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Airplane Flying Handbook
Introduction to Flight Training
Flight Safety Practices

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Airplane Flying Handbook


Table of Contents

Chapter 1,Introduction to Flight Training
Chapter 2,Ground Operations
Chapter 3,Basic Flight Maneuvers
Chapter 4, Slow Flight, Stalls, and Spins
Chapter 5, Takeoff and Departure Climbs
Chapter 6, Ground Reference Maneuvers
Chapter 7, Airport Traffic Patterns
Chapter 8, Approaches and Landings
Chapter 9, Performance Maneuvers
Chapter 10, Night Operations
Chapter 11,Transition to Complex Airplanes
Chapter 12, Transition to Multiengine Airplanes
Chapter 13,Transition to Tailwheel Airplanes
Chapter 14, Transition to Turbo-propeller Powered Airplanes
Chapter 15,Transition to Jet Powered Airplanes
Chapter 16,Emergency Procedures



PTS books.
Figure 1-3. PTS books.

All pilots must be alert to the potential for midair
collision and near midair collisions. The general operating
and flight rules in 14 CFR part 91 set forth the
concept of "See and Avoid." This concept requires
that vigilance shall be maintained at all times, by
each person operating an aircraft regardless of
whether the operation is conducted under instrument
flight rules (IFR) or visual flight rules (VFR). Pilots
should also keep in mind their responsibility for continuously
maintaining a vigilant lookout regardless of
the type of aircraft being flown and the purpose of the
flight. Most midair collision accidents and reported
near midair collision incidents occur in good VFR
weather conditions and during the hours of daylight.
Most of these accident/incidents occur within 5 miles
of an airport and/or near navigation aids.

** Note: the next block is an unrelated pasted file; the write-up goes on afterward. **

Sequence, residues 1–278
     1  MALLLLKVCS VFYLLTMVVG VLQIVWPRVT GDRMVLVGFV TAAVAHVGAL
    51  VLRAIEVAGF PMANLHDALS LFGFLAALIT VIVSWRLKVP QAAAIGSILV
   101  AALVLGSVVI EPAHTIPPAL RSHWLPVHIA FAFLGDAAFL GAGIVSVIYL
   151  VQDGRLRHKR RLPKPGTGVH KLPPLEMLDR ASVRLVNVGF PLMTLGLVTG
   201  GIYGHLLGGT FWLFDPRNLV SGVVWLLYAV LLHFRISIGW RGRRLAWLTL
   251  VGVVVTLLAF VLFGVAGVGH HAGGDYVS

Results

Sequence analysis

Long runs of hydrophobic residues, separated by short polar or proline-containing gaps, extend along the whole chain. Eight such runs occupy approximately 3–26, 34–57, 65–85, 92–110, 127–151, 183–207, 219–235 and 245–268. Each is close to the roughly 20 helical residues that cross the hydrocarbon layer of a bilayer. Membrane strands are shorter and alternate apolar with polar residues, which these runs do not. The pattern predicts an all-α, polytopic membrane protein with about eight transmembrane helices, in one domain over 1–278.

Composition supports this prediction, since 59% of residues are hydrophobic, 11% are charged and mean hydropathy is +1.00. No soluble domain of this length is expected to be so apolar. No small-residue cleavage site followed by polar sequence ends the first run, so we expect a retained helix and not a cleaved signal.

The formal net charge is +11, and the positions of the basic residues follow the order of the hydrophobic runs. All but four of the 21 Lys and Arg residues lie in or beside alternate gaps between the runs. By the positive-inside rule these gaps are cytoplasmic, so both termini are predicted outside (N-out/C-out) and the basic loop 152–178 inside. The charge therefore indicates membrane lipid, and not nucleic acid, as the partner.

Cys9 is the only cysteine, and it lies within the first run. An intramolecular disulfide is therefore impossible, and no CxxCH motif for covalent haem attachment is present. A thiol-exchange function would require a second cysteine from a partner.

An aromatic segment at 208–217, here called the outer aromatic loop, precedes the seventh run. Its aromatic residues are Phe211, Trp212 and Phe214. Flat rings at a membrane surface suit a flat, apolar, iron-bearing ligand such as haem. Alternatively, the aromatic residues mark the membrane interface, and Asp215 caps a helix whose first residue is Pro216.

The "See and Avoid" concept relies on knowledge
of the limitations of the human eye, and the use of
proper visual scanning techniques to help compensate
for these limitations. The importance of, and
the proper techniques for, visual scanning should
be taught to a student pilot at the very beginning of
flight training. The competent flight instructor
should be familiar with the visual scanning and
collision avoidance information contained in
Advisory Circular (AC) 90-48, Pilots' Role in
Collision Avoidance, and the Aeronautical
Information Manual (AIM).

There are many different types of clearing procedures.
Most are centered around the use of clearing turns. The
essential idea of the clearing turn is to be certain that
the next maneuver is not going to proceed into another
airplane's flightpath. Some pilot training programs
have hard and fast rules, such as requiring two 90°

turns in opposite directions before executing any
training maneuver. Other types of clearing procedures
may be developed by individual flight instructors.
Whatever the preferred method, the flight instructor
should teach the beginning student an effective clearing
procedure and insist on its use. The student pilot
should execute the appropriate clearing procedure
before all turns and before executing any training
maneuver. Proper clearing procedures, combined
with proper visual scanning techniques, are the most
effective strategy for collision avoidance.

A runway incursion is any occurrence at an airport
involving an aircraft, vehicle, person, or object on the
ground that creates a collision hazard or results in a
loss of separation with an aircraft taking off, landing,
or intending to land. The three major areas contributing
to runway incursions are:

• Communications,
• Airport knowledge, and
• Cockpit procedures for maintaining orientation.

Taxi operations require constant vigilance by the entire
flight crew, not just the pilot taxiing the airplane. This
is especially true during flight training operations.
Both the student pilot and the flight instructor need to
be continually aware of the movement and location of
other aircraft and ground vehicles on the airport
movement area. Many flight training activities are
conducted at non-tower controlled airports. The
absence of an operating airport control tower creates a
need for increased vigilance on the part of pilots operating
at those airports.